It was one of the first times I've played in Boston since the deluxe [version of Stick Season] came out, and it was the second festival of the tour, so we were not expecting this crazy reaction. We get on stage and the crowd is just a sea of people. It looked like the crowd for a headliner, and it was only, like, 6 p.m.
We had a really good performance — objectively, we kind of crushed it — and all the fans were losing their minds, and then later, I went on stage with the Lumineers, which was so insane. It just felt like this moment of this hometown crowd really coming out in full force, showing their support and showing the world that I had this kind of fan base. I felt like I was kind of stepping out into a new world in a lot of ways when I got on stage.
Singing "Homesick" was pretty incredible. It has a line about the Boston [Marathon] bombers, and we were literally right next to Watertown where the Boston bombers were caught. And hearing like 40,000 New Englanders sing "I'm mean because I grew up in New England" was incredible — it made me tear up watching videos the next day. Seeing all those people connect over this common understanding of who we are, and that region, all at once was really, really special. It was just such a Boston moment.
Ever since then, it was kind of just crazy show after crazy show. And every hometown show has been so unbelievable. It was kind of the start of the madness.
Headlining Red Rocks
A show that felt particularly special was Red Rocks. Having gone from being an opener there to a headliner in a little less than a year was really special for me. The growth was so evident.
The crowds at Red Rocks are in this trance of community and love — it felt like the crowd was connecting with each other, and watching that happen was really incredible. Every single person there had a smile on their face. I think that everybody there had an amazing time, and that made me so happy.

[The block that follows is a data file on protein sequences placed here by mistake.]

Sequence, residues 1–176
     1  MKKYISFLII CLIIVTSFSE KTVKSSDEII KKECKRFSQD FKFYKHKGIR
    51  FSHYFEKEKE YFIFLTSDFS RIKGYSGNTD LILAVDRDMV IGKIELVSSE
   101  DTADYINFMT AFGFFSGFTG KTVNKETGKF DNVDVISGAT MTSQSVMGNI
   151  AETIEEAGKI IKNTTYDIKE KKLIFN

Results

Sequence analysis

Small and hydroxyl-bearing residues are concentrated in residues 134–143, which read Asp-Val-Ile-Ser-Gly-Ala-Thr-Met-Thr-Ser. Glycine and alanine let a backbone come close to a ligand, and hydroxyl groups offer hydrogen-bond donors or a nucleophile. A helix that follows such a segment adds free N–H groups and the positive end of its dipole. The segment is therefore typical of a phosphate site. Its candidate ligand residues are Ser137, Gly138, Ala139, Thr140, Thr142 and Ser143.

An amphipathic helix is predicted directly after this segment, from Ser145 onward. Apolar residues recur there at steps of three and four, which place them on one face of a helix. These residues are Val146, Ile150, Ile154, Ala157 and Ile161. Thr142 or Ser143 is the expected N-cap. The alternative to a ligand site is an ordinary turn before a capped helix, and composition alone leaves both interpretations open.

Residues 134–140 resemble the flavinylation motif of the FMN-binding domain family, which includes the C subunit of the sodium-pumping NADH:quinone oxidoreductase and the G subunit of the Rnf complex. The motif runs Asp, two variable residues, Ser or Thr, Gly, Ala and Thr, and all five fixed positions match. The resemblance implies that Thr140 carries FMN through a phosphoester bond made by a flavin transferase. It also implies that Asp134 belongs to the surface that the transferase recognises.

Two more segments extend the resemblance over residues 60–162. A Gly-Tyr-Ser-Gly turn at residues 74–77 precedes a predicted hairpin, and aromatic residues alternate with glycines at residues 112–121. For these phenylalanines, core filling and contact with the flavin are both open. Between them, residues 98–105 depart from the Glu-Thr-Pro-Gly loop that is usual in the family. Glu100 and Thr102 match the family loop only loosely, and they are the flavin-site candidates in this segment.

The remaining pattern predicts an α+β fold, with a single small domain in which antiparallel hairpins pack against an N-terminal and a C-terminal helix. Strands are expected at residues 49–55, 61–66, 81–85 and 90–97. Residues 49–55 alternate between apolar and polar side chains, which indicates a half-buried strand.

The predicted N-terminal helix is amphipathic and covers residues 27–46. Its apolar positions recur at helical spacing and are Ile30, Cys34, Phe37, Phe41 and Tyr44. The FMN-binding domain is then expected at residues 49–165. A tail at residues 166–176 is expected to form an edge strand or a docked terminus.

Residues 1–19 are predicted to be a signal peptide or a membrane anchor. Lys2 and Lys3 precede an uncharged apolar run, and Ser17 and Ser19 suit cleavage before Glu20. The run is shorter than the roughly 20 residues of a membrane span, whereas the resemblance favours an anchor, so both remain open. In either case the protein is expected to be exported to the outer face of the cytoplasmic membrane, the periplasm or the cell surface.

Another thing that I've loved about all the shows, but Red Rocks in particular, is that some of these songs are filled with painful feelings and thoughts, and things that, for me, required a lot of vulnerability. And when the crowd is singing every single word, it just means that a whole crowd of — in Red Rocks' case, 9,900 people — are just being vulnerable, and yelling it out loud.
That's the greatest gift a musician can ever get — watching people express themselves and free themselves from any kind of shame at a show. That's what I try to do with my music, and I feel like I saw thousands of people shedding their guilt, their fear and their shame, and singing the lyrics.
We were playing the song "Maine," and there's a line that's like, "If there were cameras in the traffic lights, they'd make me a star," and I remember looking up at the crowd — that line is really about knowing that you have something special, but not knowing if anyone can ever see it.
I remember singing that song and that line, and I looked up to the crowd — 9,,000 people, that's four times bigger than everyone in my hometown — screaming that line back to me, and I cried. I couldn't believe where I was in my life.